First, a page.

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WVU’s student housing vacancies spark concern

Daily Athenaeum graphic by Nick Rhoads
Daily Athenaeum graphic by Nick Rhoads

MORGANTOWN, W.Va. — The term “student housing” at WVU has been redefined.

The phrase now refers to more than standard, quiet dorm units like Towers and Summit Hall, and extends to University Apartments, like Vandalia, College Park, University Place and University Park—the latter two being the brightly lit residence/shopping complexes that sprouted up in Sunnyside and Evansdale over the past two years.

These apartments combined hold 2,205 beds students can rent (not including the dorm units in University Park), but 35 percent of these remain unfilled as of Fall 2016, according to FOIA documents obtained by The DA.

“Our occupancy rates currently stand strong, of course we would like to see an increase in numbers, but we were pretty happy to see that a lot of the students had become interested in University apartments,” said Corissa Greer, communications specialist for WVU real estate.

The current occupancy rate (65 percent) is a bit worse than that of 2015, when 67 percent of the beds were filled.

West Virginia University still stands as an outlier compared to colleges nationally, where the norm is a shortage of beds not a surplus, as can be seen in reports from Stanford, Miami University, San Francisco State University, the University of Arkansas and others.

At other schools, students are placed on wait lists and housed in overflow rooms as they wait for openings into these buildings, but at WVU, students are pursued by University leasing agents from their first semesters on campus so they are educated and aware of all the housing WVU can offer in post-dorm living.

With University apartments an option for all students expect first-time freshman, WVU is now a direct competitor for independent, private real estate agencies in town, which target the same demographic.

“This has been a good business in Morgantown for many years because the University has increased enrollment. (But) anytime you have a good business, it always gets complex as time goes on,” said David Kelly, owner and operator of Kelly Rentals in Morgantown. “When I got into this business, (the University) promised to never house anyone other than freshmen, and they’ve broken that promise.”

The biggest problem, Kelly said, is that with all the University operated apartments, corporate housing complexes (Campus Evolution, The Ridge, Copper Beech, etc) and private housing in Morgantown, there are more beds available throughout town than there are students to fill them.

Because of this, the market must adapt, which can have unintended consequences as businesses try to remain relevant on a playing field that Kelly believes has been tilted in the University’s favor since it opened College Park in 2015.

Through public-private partnerships between the University and companies in Morgantown, WVU is able to construct and operate all the University apartment buildings (except for Vandalia), without paying property taxes or other additional fees a private company would have to pay independently. The partnerships are meant to allow WVU to build without the hindrance of a debt due to the projects, since the private companies cover the fees in return for long-term revenue.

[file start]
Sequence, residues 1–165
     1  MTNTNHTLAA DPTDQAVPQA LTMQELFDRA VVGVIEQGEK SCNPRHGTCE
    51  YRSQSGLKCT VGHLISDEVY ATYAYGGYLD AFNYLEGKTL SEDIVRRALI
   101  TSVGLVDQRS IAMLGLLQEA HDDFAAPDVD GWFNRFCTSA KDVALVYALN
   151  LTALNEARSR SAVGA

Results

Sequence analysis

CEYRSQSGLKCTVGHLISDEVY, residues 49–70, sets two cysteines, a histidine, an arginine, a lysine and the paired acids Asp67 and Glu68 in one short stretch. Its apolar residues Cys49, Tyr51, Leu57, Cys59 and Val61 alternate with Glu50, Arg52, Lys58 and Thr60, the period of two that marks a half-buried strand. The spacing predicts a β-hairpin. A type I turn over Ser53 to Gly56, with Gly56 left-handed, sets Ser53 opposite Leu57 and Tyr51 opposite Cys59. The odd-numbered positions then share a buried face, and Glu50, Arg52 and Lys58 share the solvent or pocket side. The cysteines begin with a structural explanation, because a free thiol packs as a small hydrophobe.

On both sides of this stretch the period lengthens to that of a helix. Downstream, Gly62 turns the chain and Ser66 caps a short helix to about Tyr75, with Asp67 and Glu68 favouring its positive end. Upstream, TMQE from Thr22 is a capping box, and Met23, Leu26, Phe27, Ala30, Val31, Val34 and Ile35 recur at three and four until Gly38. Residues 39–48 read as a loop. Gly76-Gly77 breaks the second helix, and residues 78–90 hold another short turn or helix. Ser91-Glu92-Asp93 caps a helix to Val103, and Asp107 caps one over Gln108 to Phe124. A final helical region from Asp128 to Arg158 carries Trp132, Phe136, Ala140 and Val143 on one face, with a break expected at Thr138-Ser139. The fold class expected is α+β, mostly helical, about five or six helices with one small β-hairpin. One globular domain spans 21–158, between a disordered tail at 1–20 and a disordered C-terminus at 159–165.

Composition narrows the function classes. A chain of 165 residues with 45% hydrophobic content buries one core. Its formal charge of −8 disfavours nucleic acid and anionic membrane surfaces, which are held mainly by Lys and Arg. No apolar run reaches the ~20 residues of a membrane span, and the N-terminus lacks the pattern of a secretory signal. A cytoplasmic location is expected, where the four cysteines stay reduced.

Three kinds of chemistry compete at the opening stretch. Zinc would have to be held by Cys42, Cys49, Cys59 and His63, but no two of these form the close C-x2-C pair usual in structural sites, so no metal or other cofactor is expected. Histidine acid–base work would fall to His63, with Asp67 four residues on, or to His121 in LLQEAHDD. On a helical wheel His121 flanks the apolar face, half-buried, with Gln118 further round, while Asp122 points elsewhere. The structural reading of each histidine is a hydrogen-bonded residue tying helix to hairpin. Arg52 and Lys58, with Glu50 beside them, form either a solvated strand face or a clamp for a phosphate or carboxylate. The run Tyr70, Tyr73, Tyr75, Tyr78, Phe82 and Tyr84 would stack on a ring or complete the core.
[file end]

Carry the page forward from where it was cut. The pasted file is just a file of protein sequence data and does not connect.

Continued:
For Kelly, waving these fees gives WVU an automatic leg up since taxes and related charges are the “number one expense” for someone with a business like his.

University apartments have many advantages for students—they’re fairly new, furnished for the most part, close to campus, managed by University staff, have hired security and up-to-date technology, to name a few, Greer said. But, what the private sector lacks in style, it makes up for in prices, which are consistently lower for monthly rent compared to University apartments.

“A lot of people just can’t afford them,” Kelly said.

Rental companies throughout Morgantown have had to stagnate their prices to stay competitive. Since raising rent is not an option, Kelly said some companies cut corners in other places, like repainting walls, recarpeting floors, and the general maintenance necessary to keep a building presentable, and that feeds into a problem many in Morgantown are already aware of; the standards (or sometimes lack thereof) many off-campus residencies are held to.

While the University currently has the potential to house just 26 percent of the student population—leaving 74 percent open to the private sector—Kelly is still agitated at the University’s role in Morgantown housing, and does not think the school will remain content with 35 percent of its available beds unrented.

Inevitably in the future, Kelly said, sophomores are going to be pushed into University-mandated housing. This rumor has been whispered around the University, but it doesn’t seem to be founded in any truth at this time.

Chris MacDonald, executive director of housing and residence, said a lot of planning, analysis and conversation would be necessary between the University, different boards around campus and students before anything was seriously considered

“We don’t even currently have enough beds to do that if we wanted to,” Greer said. “We are happy with what we have and we’re looking to make those good environments for students.”

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